“They do not understand about the situation of Cambodia, and they don’t come and see,” she says. “If we look at the rights of women, why do we forget the rights of the child? … When we talk about the victim, that is the child.”

When asked whether biological parents who supply their egg and sperm would have some rights to a child carried by a surrogate, Bun Eng characterizes them as “offenders.” She notes that the government had offered parents who were caught in the midst of a pregnancy after Cambodia banned surrogacy an option to leave the country with their baby without penalty, but many biological parents had not taken it. The Cambodia Daily reported in 2017 that some parents feared they could end up in jail if they came forward to prove their case in the country’s courts.

“We believe that [biological parents] would understand, but if they do not understand, we have to educate them,” Bun Eng says.

‘Situations Beyond Surrogacy’

Dana Wallack, a consultant to the Cambodia-based NGO-CEDAW, which works to implement aspects of the U.N. convention on anti-discrimination against women, says discussions over the surrogacy law have stalled, and there are still unresolved issues related to international surrogacy and potential penalties for women who are serving as surrogates outside the law.

In an email, Wallack says she has not seen the latest copy of the draft law, but an older version had permitted altruistic surrogacy — in which the surrogate volunteers her services — for married Cambodian couples, who would need to adopt the child through the legal system in order to become its parents. Until then, the surrogate would be the baby’s legal mother.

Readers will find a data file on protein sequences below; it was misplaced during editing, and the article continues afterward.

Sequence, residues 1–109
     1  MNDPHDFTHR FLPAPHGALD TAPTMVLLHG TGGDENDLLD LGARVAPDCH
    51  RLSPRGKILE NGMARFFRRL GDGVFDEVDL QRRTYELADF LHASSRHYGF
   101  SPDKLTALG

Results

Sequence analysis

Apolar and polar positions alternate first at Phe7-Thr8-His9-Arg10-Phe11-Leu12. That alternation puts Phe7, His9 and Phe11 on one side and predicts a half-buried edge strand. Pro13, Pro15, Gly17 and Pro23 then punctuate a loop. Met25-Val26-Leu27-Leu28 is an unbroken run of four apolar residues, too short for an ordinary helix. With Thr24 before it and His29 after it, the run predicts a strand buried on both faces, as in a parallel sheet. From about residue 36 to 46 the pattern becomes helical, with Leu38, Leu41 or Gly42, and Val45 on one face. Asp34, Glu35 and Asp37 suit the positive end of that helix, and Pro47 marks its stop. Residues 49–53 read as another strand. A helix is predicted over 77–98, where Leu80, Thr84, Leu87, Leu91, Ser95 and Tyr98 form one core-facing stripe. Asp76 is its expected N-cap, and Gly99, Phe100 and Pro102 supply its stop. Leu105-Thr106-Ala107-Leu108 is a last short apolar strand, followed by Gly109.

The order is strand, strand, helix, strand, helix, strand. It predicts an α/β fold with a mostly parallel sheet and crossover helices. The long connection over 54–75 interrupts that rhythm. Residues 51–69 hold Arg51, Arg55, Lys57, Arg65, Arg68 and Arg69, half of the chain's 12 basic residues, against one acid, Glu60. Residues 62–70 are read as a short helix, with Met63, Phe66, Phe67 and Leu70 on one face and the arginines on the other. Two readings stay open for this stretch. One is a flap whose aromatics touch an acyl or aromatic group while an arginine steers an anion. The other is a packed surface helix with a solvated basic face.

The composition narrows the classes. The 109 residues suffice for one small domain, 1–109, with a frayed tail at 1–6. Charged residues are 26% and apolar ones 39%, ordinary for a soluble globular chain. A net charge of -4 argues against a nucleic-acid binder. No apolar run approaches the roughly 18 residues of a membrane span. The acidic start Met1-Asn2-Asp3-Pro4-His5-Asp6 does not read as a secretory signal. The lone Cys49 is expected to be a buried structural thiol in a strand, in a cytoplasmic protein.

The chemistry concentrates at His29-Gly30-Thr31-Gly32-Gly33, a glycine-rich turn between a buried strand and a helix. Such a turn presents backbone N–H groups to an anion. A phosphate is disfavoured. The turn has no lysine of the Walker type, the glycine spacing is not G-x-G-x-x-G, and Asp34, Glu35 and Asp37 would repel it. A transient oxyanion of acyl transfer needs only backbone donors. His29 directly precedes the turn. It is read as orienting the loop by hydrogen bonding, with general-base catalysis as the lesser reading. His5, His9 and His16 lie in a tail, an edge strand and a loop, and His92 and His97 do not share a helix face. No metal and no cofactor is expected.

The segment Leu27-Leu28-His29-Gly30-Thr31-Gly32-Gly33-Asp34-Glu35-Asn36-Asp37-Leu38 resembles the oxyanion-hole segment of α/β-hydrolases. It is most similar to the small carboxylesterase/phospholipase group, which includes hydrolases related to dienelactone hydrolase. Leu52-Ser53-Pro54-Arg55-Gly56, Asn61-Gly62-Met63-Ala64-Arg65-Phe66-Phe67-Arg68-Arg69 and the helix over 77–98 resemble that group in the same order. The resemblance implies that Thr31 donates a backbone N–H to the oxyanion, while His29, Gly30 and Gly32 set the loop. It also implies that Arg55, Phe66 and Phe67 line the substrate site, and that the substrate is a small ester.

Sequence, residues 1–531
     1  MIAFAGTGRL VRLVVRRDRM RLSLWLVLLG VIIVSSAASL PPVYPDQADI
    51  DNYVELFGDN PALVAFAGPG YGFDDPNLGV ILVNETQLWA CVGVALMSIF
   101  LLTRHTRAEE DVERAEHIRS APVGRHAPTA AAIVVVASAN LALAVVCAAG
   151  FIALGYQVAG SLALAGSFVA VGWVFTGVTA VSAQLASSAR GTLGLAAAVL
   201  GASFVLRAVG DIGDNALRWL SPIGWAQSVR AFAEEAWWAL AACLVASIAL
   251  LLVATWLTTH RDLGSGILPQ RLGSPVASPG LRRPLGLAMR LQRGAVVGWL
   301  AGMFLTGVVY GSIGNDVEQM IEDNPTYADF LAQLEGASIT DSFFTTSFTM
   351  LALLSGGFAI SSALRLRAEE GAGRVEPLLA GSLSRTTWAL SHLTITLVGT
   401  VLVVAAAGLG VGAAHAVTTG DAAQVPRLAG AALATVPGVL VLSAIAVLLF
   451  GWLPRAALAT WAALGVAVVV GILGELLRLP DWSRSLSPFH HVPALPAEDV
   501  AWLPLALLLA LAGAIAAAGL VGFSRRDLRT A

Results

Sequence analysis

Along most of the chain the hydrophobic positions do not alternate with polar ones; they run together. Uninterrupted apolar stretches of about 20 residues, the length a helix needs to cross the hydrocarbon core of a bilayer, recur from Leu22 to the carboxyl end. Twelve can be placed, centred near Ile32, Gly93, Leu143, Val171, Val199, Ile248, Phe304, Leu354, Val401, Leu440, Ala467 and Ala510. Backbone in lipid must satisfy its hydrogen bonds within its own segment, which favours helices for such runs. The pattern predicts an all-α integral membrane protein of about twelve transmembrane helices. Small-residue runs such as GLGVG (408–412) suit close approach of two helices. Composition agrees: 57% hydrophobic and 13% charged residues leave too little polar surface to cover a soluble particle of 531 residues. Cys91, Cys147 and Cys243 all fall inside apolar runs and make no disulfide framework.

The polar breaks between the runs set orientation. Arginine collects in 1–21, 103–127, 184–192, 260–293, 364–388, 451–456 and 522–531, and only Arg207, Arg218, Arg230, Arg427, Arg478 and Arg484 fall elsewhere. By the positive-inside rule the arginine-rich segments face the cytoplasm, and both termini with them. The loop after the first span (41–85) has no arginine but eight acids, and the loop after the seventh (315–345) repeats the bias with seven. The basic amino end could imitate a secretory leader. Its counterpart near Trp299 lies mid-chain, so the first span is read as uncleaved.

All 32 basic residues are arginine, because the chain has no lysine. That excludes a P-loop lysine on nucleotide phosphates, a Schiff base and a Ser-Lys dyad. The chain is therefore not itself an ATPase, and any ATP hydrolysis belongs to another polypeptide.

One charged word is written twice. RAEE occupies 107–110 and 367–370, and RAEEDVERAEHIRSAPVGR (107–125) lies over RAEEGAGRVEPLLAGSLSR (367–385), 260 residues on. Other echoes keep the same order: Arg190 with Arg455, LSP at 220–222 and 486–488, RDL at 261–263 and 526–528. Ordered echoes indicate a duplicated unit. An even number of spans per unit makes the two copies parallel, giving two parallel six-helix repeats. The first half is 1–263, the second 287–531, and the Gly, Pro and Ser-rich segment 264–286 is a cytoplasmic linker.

Despite Cambodia’s strict ban on surrogacy, the country has sparse regulations regarding other fertility services.

Wallack says the draft law she has seen would create a committee to regulate assisted reproductive technology more broadly, but “there was no detail on how this might apply to situations beyond surrogacy.”

The 2016 directive that banned commercial surrogacy also banned commercial sperm donations, and requires clinics that perform in vitro fertilisation to receive permission from the Health Ministry.

Hok Khiev, the ministry’s legislative department director, did not explain how clinics would gain such permission, nor what procedures they could legally provide. He referred questions to the ministry’s hospital services director Dr. Sok Srun, who hung up on a reporter before answering questions.

Multiple attempts to contact Health Ministry spokespeople to clarify the legality of non-surrogacy fertility services were unsuccessful. There are at least eight companies offering fertility services listed in the Commerce Ministry’s business directory.

It’s just the lure of the money that people get [into] this, both the businesses and surrogates alike.

A representative for clinic First Fertility Phnom Penh reached via WeChat declined repeated requests for an interview, saying the company wanted to “stay low key”. A customer service representative with another agency, Fertility Clinic of Cambodia (FCC), said the company’s founders did not want to speak about regulation of surrogacy while the Covid-19 pandemic is ongoing, saying it “might not be a good time to discuss other things such as fertility and the regulation.”

Dominique de Ziegler, a France-based reproductive doctor and physician, says he served as a scientific consultant for FCC since the health center opened in 2015, adding that he has advised the clinic and tried to promote commercial surrogacy as a legal but regulated medical practice.

“I have myself tried to talk in Cambodia to say that surrogacy could be done legally and in a proper way, if you take the U.S. as an example,” he says, adding that France-educated practitioners led the debate over whether to legalize surrogacy in Cambodia. “Because Cambodia [was] a French colony, they are inspired by French law.”